Volcano Erupts in St. Vincent

Sarah Hyser
Staff Writer

A series of devastating volcanic eruptions on the island of St. Vincent has forced thousands to flee. According to BBC News, the volcano La Soufrière first erupted on Thursday, April 9, after a series of earthquakes, with the most devastating eruption happening the morning of Monday, April 12. The volcano is emitting a 20,000-foot cloud of smoke, ash, and superheated noxious gas that can travel at over 120 miles per hour. Scientists speculate that this eruption could continue for weeks or even months. Earthquakes have continued throughout the week, but the eruptions have slowed down. This lack of activity could indicate the building of a “lava dome” within the volcano, although this has not been confirmed. No casualties or serious injuries have been reported thus far. 

Ralph Gonsalves, prime minister of St. Vincent and the Grenadines, ordered the complete evacuation of the “Red Zone” in the North East and North West areas of St. Vincent nearest to the volcano. Gonsalves is calling for a total evacuation of the affected areas and warns that it could be months before residents are able to return to their homes. Business Insider reports that citizens are being evacuated to the neighboring islands of St. Lucia, Grenada, Barbados, and Antigua. However, due to the COVID-19 pandemic, only residents who have been vaccinated are being accepted on the other islands. 

Disaster preparedness in the Caribbean is usually well-organized, but the rapid developments of this situation have strained the disaster response teams. 16,000 people have already been evacuated from the area, according to The Associated Press. Nearly 4,000 residents have taken refuge in 80 government-run shelters. Dozens of residents had to be rescued from the North end of the island after not evacuating in time, NPR reports. Cruise ships from Carnival and Royal Caribbean arrived to the island to hold residents who cannot find shelter. St. Vincent is running out of clean water and damage to power lines has led to blackouts.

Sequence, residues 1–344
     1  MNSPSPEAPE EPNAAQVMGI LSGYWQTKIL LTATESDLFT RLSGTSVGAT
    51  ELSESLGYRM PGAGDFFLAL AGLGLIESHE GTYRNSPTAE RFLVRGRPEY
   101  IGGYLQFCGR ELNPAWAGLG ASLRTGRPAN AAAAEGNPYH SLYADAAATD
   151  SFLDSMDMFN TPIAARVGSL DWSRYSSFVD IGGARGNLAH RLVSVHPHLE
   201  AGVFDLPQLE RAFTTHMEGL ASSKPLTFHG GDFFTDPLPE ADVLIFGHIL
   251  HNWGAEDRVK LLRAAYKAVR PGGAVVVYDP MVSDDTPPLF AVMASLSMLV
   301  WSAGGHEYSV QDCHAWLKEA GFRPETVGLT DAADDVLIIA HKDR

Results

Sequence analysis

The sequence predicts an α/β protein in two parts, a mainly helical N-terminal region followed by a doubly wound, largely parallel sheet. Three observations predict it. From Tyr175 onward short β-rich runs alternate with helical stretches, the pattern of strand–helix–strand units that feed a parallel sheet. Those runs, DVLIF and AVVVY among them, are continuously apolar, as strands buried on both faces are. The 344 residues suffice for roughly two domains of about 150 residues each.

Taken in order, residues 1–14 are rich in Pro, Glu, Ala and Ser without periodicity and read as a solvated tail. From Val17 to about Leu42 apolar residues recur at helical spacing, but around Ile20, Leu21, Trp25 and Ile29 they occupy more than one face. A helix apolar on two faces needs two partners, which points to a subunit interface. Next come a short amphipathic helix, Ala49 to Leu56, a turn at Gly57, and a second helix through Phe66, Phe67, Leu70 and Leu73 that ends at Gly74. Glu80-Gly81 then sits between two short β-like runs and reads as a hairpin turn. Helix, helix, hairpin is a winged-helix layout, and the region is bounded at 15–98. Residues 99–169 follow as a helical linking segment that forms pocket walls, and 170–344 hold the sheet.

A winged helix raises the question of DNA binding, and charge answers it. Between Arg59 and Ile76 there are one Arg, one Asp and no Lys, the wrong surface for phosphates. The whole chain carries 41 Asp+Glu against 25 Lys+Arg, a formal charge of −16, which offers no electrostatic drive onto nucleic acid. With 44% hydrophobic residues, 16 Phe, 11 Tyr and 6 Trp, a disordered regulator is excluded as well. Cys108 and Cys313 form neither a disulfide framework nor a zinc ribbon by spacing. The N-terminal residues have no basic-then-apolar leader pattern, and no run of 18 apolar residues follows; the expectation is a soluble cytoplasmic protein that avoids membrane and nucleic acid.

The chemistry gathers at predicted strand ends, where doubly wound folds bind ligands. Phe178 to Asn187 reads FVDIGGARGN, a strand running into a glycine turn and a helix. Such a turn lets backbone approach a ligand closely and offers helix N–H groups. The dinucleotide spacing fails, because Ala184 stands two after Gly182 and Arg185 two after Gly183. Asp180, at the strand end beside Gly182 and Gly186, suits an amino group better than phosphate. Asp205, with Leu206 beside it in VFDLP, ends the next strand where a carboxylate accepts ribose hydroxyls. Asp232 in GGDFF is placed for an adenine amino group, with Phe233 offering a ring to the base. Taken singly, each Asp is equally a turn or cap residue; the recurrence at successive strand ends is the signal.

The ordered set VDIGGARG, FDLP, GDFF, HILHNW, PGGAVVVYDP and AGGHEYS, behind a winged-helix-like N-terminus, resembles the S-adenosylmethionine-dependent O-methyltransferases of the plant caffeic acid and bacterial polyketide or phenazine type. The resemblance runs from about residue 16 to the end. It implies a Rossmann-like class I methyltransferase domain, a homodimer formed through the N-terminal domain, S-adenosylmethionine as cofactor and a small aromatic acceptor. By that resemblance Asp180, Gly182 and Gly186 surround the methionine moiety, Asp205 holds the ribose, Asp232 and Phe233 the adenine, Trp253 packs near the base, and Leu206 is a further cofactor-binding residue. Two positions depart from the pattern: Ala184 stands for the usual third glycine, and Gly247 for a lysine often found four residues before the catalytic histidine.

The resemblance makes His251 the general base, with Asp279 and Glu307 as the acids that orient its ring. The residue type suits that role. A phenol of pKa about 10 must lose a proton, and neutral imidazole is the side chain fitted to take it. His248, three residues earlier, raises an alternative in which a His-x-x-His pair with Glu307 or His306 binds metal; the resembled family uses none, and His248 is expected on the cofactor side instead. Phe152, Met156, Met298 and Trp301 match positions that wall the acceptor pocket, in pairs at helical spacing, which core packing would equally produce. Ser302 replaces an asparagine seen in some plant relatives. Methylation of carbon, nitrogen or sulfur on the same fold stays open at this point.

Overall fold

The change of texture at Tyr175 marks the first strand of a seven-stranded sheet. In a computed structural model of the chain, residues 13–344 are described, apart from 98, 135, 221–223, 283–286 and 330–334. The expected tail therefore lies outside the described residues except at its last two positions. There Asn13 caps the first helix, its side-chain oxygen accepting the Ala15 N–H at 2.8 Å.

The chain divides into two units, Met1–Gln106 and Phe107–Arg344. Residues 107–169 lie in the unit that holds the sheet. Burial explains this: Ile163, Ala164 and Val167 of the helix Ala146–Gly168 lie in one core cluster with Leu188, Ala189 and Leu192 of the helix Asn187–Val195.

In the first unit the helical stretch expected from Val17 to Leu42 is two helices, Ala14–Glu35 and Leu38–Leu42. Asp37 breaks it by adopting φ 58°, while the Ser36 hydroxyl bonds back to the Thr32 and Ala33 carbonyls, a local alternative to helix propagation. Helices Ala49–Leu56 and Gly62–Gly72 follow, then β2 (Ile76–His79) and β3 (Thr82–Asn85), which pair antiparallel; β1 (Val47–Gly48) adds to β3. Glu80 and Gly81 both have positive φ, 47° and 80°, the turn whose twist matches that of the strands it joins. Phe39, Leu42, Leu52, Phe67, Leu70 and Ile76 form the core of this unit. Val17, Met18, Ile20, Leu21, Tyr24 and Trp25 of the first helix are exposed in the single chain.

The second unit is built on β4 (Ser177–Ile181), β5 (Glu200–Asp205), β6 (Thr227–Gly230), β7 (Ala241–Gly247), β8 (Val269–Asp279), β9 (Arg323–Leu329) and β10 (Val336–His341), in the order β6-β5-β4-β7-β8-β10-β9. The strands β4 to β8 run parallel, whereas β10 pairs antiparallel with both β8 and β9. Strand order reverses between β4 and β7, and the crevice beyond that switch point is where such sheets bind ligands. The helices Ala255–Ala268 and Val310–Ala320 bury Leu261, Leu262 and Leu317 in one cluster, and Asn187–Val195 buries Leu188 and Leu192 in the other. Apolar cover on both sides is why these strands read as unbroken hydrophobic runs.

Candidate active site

La Soufrière is experiencing pyroclastic flow, meaning it is spewing gas, ash, and debris at high speeds. This is more dangerous than lava, which is slow moving and contained. The ash fall is so intense that it has blocked out sunlight over St. Vincent. Newsweek reports that ash from La Soufrière can be seen falling on the island of Barbados, which is over 100 miles away from St. Vincent. Volcanic ash is known to have damaging effects to health, particularly lung health, which poses a threat as COVID-19 continues to impact the island. The ash has caused damage to property as well, with St. Vincent officials estimating that it will take millions of dollars to recover from the damage, according to The Washington Post. NPR explains that pyroclastic flows can also impact the environment by boiling the surrounding sea water and increasing cloud speed. Falling ash and pyroclastic flows have already contaminated the water supply and demolished crops on St. Vincent.

This is not the first time La Soufrière has erupted. According to National Geographic, the volcano erupted at the beginning of the 20th century, killing 1600 people. It last erupted in 1979, but has been inactive since. However, based on the patterns of the previous eruptions, the volcano is now expected to have continuous activity for the next several months. Citizens of the island are remaining hopeful that this eruption will be less devastating than the previous ones.

La Soufrière is not the only volcano that is currently erupting. ABC News reports that Mauna Loa, the world’s largest volcano located in Hawaii, has also started erupting after 34 earthquakes in the past weeks. The Geldingadalir Volcano in Iceland is also erupting. Volcano experts say that this amount of activity is interesting, but not rare. With over 1600 active volcanoes around the world today, all of which erupt regularly, three volcanoes erupting simultaneously is merely a coincidence. 

 

Photo courtesy of Wikimedia Commons

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